Reply to Objection 2: The use of the term “minister” has been reserved for the ministerial priesthood; that is, those who have received the Sacrament of Holy Orders and have taken on the character of the priesthood of Jesus Christ. The work of the priest, that is, his ministry, flows from that sacramental character to minister to the people of God in exercising the offices of Priest, Prophet, and King. The 1983 Code of Canon Law extended the privilege of admitting some of the laity to participate in certain liturgical or catechetical offices. This work of the laity in those offices, however, flows not from Holy Orders itself, but out of their own foundation in Baptism and Confirmation, and granted only through the commission of a Priest or a Bishop. Those of the laity who participate in the work of the Priest in the work that does not absolutely require Clergy, such as in liturgical positions (Cantor, Lector, Extraordinary Ministers of Holy Communion) have an extraordinary character; it is a privilege, not a right and it has limited scope.

In Christifideles laici, John Paul II discussed the fact that although the 1983 Code of Canon Law allowed for lay persons to exercise certain ministries normally belonging to clergy, “…the exercise of such tasks does not make the lay faithful pastors: in fact a person is not a minister simply in performing a task, but through sacramental ordination. Only the Sacrament of Orders gives the ordained minister a particular participation in the office of Christ…” (4)

It would be totally inappropriate for one who serves as a Lector, for example to refer to himself as a “Minister”. It is proper in that case, however, for him to understand that he participates in ministry. Likewise, the teaching office of the Church which flows through Holy Orders may be carried out, through commission, by the laity. In this case, it would be proper for the lay people who do the work of catechesis, that is, handing on the Faith, to recognize that their work is a ministry which is a participation in the ministry of the Priesthood. However, a catechist is not a minister; but rather, enjoys a participation in the ministry.

Reply to Objection 3: Certainly it can be observed that the Clergy participates also in Apostolate, and in some cases, the Lay Faithful are granted the privilege of participating in the Ministry of the Priesthood. However, this does not make the terms mutually exclusive or inclusive, which is why the distinction in terms is clearly necessary. Christifideles laici revealed that in the Synod Assembly, there was a critical judgment voiced regarding a too-indiscriminate use of the word “ministry”. This over-use caused “…the confusion and equating of the common priesthood and the ministerial priesthood, the lack of observance of ecclesiastical laws and norms…the tendency towards a ‘clericalization’ of the lay faithful and risk of creating…an ecclesial structure of parallel service to that founded on the Sacrament of Holy Orders.” (5)    As stated above, in the replies to the first and second objections, the use of terms in Objection 3 are founded upon a lack of definition of terms and thus a misunderstanding of the character belonging to each term and inherent mission indicated by it. To properly distinguish “ministry” and “apostolate” is truly revelatory of the mission of the Church and the complimentary roles and charisms that belong to both clergy and laity from within their specific areas of responsibility. The Church cannot exist without the Lay Apostolate; nor can the Lay Apostolate exist without the Ministry of the Priesthood.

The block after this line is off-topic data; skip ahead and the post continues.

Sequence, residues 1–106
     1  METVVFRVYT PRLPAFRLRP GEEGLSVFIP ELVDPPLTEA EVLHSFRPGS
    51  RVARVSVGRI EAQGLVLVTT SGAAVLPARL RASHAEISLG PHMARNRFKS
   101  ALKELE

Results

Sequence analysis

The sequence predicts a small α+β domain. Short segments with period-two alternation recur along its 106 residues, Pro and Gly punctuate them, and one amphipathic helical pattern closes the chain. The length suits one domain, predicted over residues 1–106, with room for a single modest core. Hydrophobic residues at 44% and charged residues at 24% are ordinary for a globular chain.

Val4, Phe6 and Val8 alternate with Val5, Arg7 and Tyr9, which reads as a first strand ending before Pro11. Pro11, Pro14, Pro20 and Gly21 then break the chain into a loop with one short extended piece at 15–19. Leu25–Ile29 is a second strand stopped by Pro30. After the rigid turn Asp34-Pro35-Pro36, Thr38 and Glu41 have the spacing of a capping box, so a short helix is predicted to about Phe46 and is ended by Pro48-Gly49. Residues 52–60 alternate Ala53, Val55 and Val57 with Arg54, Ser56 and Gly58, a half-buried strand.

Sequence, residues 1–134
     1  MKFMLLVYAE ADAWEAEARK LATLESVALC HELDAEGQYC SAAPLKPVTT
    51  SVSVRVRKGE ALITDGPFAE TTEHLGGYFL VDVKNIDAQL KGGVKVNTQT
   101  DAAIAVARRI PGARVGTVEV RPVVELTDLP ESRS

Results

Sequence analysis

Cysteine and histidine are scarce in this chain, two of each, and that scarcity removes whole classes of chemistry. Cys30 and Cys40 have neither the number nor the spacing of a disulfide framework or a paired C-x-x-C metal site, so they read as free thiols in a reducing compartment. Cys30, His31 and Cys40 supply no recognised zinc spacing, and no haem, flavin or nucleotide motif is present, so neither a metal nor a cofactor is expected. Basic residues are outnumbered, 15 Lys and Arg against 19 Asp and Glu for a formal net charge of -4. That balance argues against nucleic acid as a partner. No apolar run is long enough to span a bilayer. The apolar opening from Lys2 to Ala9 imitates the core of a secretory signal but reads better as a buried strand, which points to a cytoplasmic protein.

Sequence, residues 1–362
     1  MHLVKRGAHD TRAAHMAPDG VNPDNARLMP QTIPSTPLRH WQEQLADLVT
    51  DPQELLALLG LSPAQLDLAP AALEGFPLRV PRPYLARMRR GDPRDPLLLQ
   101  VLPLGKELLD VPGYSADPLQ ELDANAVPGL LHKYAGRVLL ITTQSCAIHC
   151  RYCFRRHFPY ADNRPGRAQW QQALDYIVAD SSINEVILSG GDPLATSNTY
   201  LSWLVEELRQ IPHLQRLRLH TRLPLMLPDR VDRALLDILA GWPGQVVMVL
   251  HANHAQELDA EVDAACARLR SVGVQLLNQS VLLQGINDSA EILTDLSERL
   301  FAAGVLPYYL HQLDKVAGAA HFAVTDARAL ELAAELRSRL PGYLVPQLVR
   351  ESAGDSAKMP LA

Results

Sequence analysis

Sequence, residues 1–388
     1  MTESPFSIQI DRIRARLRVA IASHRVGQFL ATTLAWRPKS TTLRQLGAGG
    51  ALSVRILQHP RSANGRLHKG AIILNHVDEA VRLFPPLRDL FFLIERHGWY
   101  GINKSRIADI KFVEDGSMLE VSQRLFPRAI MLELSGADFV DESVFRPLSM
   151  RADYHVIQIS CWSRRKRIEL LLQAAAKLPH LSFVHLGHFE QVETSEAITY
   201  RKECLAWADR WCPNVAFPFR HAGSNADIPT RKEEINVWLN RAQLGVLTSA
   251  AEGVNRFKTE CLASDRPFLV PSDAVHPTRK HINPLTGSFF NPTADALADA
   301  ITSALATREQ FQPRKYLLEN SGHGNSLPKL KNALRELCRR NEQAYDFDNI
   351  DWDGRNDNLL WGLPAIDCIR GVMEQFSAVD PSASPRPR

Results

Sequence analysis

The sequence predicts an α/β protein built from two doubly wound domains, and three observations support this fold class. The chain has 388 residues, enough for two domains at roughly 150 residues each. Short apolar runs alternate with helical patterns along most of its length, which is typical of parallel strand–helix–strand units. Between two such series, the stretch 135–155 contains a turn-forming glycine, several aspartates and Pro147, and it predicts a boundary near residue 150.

1. Address of John Paul II, April 22, 1994
2. Apostolicam Actuositatem, 2
3. ibid, 3
4. Christifideles laici, 23
5. ibid.

Thursday, May 06, 2010

Once and for Always

Readers local to me are probably all very well aware of Sgt. Joseph Bergeron's death in the line of duty last Saturday, and of his funeral and burial today. I haven't said anything about it here on the blog, but just as everyone else, it has left me horrified. Although I was not able to attend the funeral, KARE11 live streamed it so I was able to catch parts from my desk at work, and many times had to blink back not just tears, but sobs.

No, I didn't know him, but I do know grief, and like his daughters, I, too, lost my father, although not through such violence. I sorrow for and with Sgt. Bergeron's family, if from afar, and as an ex-officer, I sorrow with Police Officers everywhere, especially those in Maplewood.  

I'm going to re-post a tribute I wrote many years ago, but first I need to provide a little explanation.

My cousin George, who died a year ago, was a cop for several years. He taught me how to shoot, he helped me make connections and as his wife told me at his own funeral, I was "always really special to him", but he was clearly always very special to me, too.  I'm sure my leaving Law Enforcement was a bit of a mystery to him, but he never asked, understanding that I really didn't want to talk about it very much.  I had called him after I resigned, and he said something to me I questioned at the time, given that my career was so short. But he understood something I couldn't grasp at the time:  the Job changes you.

When my cousin learned that I had no plans to pursue another law enforcement position, he simply said to me, "Once a cop...always a cop."  Over my protests, he went on to explain what he meant. He told me that I didn't see the world in the same way any more, I wasn't going to react to things like other people do, and I was going to find in many ways that even though I had left the Job, it wasn't going to leave me.

I found that he was right. The first cop to be murdered by a suspect was Tim Bowe, a State Trooper who was ambushed when he responded to a domestic violence call. Even though I hadn't been a cop for months by then, his death really rattled me. So has every cop's death since then.  Although the "once a cop always a cop" syndrome has hit me in many other ways over the years, I wrote the following essay/tribute while trying to grasp the reality of what had happened, out of my own brief experience and "inside" understanding of law enforcement.